“The War on Drugs, mass criminalization and increasingly militarized police forces have led to the targeting, torture and murder of countless Americans, disproportionately black and brown,” Rep. Ilhan Omar denounced as part of a resolution introduced in Congress. This is a sentiment echoed by California Gov. Gavin Newsom and Virginia Gov. Ralph Northam among others.
As the nation is protesting racism and police brutality against black Americans, it bears repeating that drug prohibition has been both a consequence and a tool of systemic racism. An ACLU study found that “black people are 3.64 times more likely than white people to be arrested for marijuana possession, notwithstanding comparable usage rates.”
In Montana and Kentucky, black people were more than nine times more likely to be arrested for marijuana possession. In most states, racial disparities were actually larger in 2018 than in 2010.
The cops who fatally shot Breonna Taylor, the black EMT who was killed in a no-knock raid in her home in Louisville, Ky., were looking for drugs. The NYPD accused Eric Garner, a black man strangled to death by a policeman in 2014, of having marijuana to justify the extrajudicial killing. After the killing of Sylville Smith by the Milwaukee Police Department, which sparked the 2016 Sherman Park riots, the Department of Justice made a point of mentioning that drugs, including “suspected marijuana,” were found in his car.
History of Racial Imbalance
The reason why the cannabis plant is known as “marijuana” now is because the people who wanted it banned rode a widespread racist sentiment to turn the public opinion against it. To do that, they gave it Mexican-sounding nicknames like “locoweed” and “marijuana,” to paint it as a drug used by immigrants.
As early as the Nixon years, when the War on Drugs picked up speed, it was racist ideas that led to the heavy criminalization of cannabis. Nixon’s domestic policy chief, John Ehrlichman, famously admitted it:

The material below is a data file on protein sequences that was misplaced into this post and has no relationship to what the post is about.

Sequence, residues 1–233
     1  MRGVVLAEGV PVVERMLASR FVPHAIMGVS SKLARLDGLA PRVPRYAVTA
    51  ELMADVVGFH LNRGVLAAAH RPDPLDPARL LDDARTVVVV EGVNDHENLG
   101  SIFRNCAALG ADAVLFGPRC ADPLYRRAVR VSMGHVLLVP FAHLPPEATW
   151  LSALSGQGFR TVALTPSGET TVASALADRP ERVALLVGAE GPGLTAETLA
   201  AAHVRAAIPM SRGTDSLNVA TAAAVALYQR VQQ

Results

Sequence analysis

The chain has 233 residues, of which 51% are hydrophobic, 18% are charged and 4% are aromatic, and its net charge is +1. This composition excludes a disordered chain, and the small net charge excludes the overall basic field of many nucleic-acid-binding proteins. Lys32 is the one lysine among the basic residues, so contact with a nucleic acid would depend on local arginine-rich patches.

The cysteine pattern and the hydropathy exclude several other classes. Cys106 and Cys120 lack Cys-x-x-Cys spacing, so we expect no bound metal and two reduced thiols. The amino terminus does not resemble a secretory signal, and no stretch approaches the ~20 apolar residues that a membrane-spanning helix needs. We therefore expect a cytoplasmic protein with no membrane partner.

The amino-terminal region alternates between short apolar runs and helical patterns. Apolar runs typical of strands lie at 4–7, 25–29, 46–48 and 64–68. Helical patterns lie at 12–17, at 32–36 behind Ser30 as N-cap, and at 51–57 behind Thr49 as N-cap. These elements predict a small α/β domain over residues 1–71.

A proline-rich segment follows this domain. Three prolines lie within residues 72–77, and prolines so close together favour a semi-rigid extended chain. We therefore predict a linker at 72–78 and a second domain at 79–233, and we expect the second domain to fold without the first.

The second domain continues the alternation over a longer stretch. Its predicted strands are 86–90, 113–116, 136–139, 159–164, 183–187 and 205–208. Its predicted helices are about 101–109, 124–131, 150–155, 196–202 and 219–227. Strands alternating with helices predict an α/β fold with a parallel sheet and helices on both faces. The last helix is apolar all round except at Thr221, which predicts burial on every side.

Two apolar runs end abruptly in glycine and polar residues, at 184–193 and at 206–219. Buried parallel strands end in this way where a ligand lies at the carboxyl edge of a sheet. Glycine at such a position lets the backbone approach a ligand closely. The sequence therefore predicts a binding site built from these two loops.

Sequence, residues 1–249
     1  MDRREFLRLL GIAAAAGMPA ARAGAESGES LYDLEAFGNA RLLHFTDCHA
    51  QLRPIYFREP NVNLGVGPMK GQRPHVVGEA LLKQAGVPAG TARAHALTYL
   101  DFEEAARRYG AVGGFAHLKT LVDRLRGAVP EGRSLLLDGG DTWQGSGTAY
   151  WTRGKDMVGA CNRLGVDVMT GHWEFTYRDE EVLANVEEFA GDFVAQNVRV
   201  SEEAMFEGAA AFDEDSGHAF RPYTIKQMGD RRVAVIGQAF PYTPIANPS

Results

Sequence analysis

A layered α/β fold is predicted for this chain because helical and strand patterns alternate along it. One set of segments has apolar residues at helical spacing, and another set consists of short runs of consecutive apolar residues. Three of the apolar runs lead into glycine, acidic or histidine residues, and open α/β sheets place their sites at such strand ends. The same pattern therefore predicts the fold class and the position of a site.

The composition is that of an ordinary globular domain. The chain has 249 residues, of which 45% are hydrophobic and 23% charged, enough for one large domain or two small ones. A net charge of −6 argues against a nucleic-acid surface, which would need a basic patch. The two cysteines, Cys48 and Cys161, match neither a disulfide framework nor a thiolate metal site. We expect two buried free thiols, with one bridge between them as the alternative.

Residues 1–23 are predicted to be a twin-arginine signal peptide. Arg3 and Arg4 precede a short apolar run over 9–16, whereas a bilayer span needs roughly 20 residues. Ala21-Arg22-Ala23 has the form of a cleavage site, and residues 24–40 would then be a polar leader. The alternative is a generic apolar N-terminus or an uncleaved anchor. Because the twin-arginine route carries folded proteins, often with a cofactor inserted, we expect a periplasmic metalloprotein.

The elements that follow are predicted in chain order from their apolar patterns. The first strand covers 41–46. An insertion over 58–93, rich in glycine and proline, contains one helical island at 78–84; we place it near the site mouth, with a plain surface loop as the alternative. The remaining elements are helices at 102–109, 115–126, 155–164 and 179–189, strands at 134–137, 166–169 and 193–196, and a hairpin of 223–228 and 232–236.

“We knew we couldn’t make it illegal to be either against the war or black. But by getting the public to associate the hippies with marijuana and blacks with heroin, and then criminalizing both heavily, we could disrupt those communities.”
Today, marijuana prohibition is used to target black communities, and Milwaukee is a prime example, as one of the country’s most segregated areas. In 2019, 1,175 black people were arrested for marijuana offenses in Milwaukee County. This is somehow a positive development compared to previous years: In 2018, there are 1,523; in 2014, there were 2,195.
Between 2012 and 2015, in the City of Milwaukee, 72% of people arrested for small-scale marijuana possession were black. Since then, that proportion actually went up, not down; 83% of people arrested for marijuana-related offenses in 2019 were black. Black people barely make up 27% of Milwaukee County’s population.
In 2016, the Public Policy Forum published a study about marijuana repression in Milwaukee. Unsurprisingly, the map of arrests for minor marijuana offenses might as well be a map of racial divides within the city. While areas like the Historic Third Ward had fewer than one small-scale marijuana arrest per 1,000 residents, the city’s majorly black neighborhoods are where most of the arrests were made. The 53206 zip code (95% black population) and the 53210 zip code (75% black) both had more than 10 arrests per 1,000 residents.
More than half of all drug-related arrests in Wisconsin are for simple possession of marijuana, and police officers smelling cannabis (or pretending they did) has often given them probable cause to harass and arrest black Americans. This is a tool that the police has lost in the states that have legalized marijuana, which is now a majority of them.
Because black Americans face unequal enforcement of marijuana laws, these laws should be reevaluated and done away with.
“Marijuana prohibition isn’t the sole cause of America’s racial inequities, nor is it the sole reason why certain members of the police continue to engage in racially-aggressive policing and misconduct. But its criminalization is one of the tools commonly used to justify and perpetuate these injustices,” said Erik Altieri, executive director of the National Organization for the Reform of Marijuana Laws. “Will legalizing marijuana reform alone solve the problem of racial injustice? No. Is ending cannabis prohibition going to fix all of America’s social ills? No. After we legalize adult-cannabis use, will we see an end to discriminatory policing against communities of color and other marginalized groups? No. Will ending marijuana prohibition be a small step toward the greater goal of promoting justice? Without a doubt, yes.”